Imperial College is developing a new campus in west London - a new urban quarter integrating academic uses with office, residential and retail. Key to this campus is the establishment of the Translation & Innovation Hub, where Imperial College London and Imperial College ThinkSpace creates an entrepreneurial environment that enables the translation of research outcomes into internationally significant technologies. PLP Architecture was appointed to conceive a building to house this ecosystem of scientific researchers, start-ups, and small enterprises.
Scientific innovation has always relied on spaces that encourage human interaction and the exchange of ideas. However, the astonishing pace of change in current research and development requires spaces that are also infinitely flexible and respond to demands as yet unknown. To act as an incubator, the building must offer a mixture of open plan, modular laboratory workspaces and office suites. How can these spaces be both flexible yet specific enough to encourage interaction and exchange?
Imperial College London / Voreda
12 Storey Technology Transfer Space and Commercial Office Accommodation
Professor David Gann CBE Vice-President
(Development & Innovation)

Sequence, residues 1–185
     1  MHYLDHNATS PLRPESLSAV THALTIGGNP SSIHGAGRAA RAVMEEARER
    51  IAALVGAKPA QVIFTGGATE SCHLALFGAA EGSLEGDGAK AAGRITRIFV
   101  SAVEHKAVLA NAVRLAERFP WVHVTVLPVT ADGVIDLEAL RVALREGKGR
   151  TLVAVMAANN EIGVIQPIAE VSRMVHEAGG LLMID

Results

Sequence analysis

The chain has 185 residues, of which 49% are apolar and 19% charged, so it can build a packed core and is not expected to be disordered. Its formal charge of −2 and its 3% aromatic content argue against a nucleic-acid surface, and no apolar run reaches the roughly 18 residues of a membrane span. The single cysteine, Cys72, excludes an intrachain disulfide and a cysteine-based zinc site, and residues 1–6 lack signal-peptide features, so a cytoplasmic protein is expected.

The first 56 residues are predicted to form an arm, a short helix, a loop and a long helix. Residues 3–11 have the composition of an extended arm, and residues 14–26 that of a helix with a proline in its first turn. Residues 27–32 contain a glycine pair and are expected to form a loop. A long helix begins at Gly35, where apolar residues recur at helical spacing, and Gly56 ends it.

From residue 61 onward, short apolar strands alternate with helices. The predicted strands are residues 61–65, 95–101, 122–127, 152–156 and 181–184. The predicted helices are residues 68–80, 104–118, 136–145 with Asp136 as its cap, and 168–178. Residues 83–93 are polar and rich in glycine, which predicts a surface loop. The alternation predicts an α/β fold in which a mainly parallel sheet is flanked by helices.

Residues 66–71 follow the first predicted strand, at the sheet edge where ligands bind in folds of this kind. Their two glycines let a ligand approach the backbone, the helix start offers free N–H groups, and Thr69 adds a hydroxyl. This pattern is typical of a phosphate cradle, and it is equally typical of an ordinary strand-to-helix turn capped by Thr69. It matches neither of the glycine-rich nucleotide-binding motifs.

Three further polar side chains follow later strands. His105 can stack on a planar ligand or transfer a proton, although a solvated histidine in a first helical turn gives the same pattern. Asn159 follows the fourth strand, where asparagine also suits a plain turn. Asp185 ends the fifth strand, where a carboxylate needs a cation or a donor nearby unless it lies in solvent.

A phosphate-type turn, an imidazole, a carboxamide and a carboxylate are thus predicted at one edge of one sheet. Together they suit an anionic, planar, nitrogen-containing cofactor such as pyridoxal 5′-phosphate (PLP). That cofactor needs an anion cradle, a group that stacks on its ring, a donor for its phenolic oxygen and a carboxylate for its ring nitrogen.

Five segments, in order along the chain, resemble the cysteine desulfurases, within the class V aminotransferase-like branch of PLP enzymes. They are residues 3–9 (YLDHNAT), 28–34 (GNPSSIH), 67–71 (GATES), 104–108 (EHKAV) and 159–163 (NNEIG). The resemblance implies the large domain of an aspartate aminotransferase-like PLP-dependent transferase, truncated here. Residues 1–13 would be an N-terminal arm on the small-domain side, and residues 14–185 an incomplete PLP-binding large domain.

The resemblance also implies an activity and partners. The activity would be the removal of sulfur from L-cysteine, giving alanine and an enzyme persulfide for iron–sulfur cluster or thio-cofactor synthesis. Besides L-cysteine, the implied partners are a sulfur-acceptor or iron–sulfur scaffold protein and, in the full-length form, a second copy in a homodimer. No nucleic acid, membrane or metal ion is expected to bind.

Our proposal consists of two wings linked together by an atrium. The spaces in each wing form reconfigurable research and co-working environments designed to meet the needs of companies as they grow. The start-up incubator spaces are positioned on the first few levels where the proximity to the central atrium space and to the ground floor café encourages collaboration and spontaneous meetings. Above, larger, more flexible plans allow for multiple configurations of office and research areas to suit the changing needs of different tenants.
The wings are oriented to promote visibility and natural lighting while minimising impact on the adjoining conservation area. The taller structure creates an architectural buffer between the arterial route and the centre of the campus. The lower wing is angled to open the atrium towards the central campus green. Larger scale solar shades protect the southern elevation along the highway, while the finely-grained terracotta elevations to the west address the scale and colour of the residential neighbours.
Linking everything together, the atrium is conceived as a catalyst for exchange, allowing visual links and meeting spaces for researchers and binding together the diverse set of occupiers.